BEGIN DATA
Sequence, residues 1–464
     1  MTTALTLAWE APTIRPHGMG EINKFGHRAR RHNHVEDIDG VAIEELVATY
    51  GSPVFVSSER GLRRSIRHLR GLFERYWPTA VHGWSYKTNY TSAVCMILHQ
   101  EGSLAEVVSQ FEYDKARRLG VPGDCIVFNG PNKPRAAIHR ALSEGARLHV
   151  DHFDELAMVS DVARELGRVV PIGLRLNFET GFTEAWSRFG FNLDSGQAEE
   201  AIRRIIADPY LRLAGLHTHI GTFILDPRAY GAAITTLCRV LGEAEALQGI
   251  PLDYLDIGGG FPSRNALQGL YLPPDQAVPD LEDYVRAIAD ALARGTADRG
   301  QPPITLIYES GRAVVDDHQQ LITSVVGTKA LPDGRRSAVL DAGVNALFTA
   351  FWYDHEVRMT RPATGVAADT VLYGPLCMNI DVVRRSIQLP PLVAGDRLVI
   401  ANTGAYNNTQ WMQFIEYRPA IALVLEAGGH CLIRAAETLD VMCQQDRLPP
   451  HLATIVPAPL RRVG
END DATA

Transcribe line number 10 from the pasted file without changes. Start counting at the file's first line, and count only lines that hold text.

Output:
   401  ANTGAYNNTQ WMQFIEYRPA IALVLEAGGH CLIRAAETLD VMCQQDRLPP